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External shocks

16 September 2004

John Loos takes the view that it is futile to speculate over the two great debates running in South Africa at present, to wit: whether the rand is overvalued or undervalued; and whether a house price bubble exists. A more appropriate discussion would be about possible shocks that could have an adverse affect on the average house price level.

He notes that it is natural to get uneasy following a period of sustained asset price increases as we have seen in the housing market starting in 1999/2000 and that we could be heading for a national house price crash as we had between 1984 and 1986.

His comparison of the economic landscape of the mid 80's to the current landscape makes salutary reading. For instance, mortgage rates rose from 11 percent at the end of 1981 to 21.5 percent in the second quarter of 1985. The domestic and security situation had deteriorated significantly towards the mid 1980's and this would have dampened the market further. Compare this with the current situation where interest rates have come down and the definite improvement in the domestic political situation along with consumer improvement.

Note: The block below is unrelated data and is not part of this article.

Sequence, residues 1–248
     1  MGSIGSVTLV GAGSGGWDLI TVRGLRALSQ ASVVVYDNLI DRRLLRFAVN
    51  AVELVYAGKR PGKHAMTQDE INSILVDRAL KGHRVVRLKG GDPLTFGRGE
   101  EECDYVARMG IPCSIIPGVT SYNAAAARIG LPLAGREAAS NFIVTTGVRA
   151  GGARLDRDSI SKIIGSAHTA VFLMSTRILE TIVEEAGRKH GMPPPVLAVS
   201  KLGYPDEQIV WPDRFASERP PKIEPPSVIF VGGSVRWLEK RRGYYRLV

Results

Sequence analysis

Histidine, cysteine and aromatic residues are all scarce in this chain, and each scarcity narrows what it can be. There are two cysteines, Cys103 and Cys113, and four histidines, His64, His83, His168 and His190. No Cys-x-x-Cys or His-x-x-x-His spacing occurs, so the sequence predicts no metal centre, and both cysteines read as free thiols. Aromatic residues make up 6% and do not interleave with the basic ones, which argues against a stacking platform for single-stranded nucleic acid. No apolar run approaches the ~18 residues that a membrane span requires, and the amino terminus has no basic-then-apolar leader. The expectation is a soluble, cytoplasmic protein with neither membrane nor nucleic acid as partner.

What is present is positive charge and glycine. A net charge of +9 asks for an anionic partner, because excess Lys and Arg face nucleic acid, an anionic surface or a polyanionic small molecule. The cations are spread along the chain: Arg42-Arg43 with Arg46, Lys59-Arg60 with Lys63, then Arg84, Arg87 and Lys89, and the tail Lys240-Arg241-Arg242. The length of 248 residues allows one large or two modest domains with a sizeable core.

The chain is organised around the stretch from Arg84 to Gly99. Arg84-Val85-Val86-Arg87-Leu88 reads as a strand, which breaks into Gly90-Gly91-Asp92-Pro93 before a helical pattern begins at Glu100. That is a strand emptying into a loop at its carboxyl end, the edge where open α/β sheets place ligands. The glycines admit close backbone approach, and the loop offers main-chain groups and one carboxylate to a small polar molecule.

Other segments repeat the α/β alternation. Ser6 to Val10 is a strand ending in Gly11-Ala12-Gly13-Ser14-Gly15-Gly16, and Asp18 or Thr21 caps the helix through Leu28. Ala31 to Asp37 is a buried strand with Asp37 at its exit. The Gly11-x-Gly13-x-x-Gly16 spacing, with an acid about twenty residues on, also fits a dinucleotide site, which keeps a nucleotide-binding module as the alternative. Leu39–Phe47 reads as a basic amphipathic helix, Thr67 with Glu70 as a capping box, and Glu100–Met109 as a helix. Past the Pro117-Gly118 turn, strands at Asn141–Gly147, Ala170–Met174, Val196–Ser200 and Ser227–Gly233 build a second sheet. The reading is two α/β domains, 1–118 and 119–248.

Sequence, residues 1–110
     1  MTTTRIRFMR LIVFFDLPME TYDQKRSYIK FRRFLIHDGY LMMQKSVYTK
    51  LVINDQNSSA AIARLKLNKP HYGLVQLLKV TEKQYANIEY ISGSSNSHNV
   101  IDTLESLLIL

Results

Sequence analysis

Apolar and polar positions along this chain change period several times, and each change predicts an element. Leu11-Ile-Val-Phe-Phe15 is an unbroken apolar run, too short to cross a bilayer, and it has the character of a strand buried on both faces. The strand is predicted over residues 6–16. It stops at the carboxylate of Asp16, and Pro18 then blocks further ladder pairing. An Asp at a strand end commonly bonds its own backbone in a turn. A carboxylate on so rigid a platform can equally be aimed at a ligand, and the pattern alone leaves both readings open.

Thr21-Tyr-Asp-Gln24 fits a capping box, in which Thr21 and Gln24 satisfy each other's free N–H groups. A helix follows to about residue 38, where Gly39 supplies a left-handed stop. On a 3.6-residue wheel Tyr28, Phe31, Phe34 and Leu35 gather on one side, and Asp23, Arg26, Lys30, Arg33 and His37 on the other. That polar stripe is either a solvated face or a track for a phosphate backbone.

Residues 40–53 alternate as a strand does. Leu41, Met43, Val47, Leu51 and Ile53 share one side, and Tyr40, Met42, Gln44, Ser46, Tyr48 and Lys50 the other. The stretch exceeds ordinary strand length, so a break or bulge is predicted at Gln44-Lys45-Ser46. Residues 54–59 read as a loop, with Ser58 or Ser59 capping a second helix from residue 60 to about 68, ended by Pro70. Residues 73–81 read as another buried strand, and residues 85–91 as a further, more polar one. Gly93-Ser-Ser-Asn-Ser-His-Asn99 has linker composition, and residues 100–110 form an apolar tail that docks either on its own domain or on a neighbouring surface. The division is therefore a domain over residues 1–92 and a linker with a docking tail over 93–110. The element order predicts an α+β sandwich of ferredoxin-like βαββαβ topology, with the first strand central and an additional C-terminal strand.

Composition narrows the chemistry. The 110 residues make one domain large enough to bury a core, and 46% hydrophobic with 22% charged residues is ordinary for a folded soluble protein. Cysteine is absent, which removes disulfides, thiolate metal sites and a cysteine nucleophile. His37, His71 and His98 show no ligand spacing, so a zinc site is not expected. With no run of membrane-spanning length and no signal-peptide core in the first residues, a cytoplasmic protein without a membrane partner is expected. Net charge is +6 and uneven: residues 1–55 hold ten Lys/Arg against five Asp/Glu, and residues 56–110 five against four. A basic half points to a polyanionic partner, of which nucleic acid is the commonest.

As a response to those who say that the market has reached "extreme" valuations by historical standards, he finds that since 1970 house prices have under performed nominal GDP growth and that with 1970 equal to 100 in both indices, the house price index was only 33 percent of the value of the nominal GDP index by 2004. The average payment to remuneration ratio is not far off its lows of 2000 and 2001.

He therefore concludes that even though the current rapid increases will taper off somewhat, it will need a drastic shock to the environment to cause a decline on a par with the mid 1980's. Of the following three possible shock scenarios: a rand crash; a food price shock; and an oil price shock, only the last is the most likely and potentially the most devastating.

Article on Business Report

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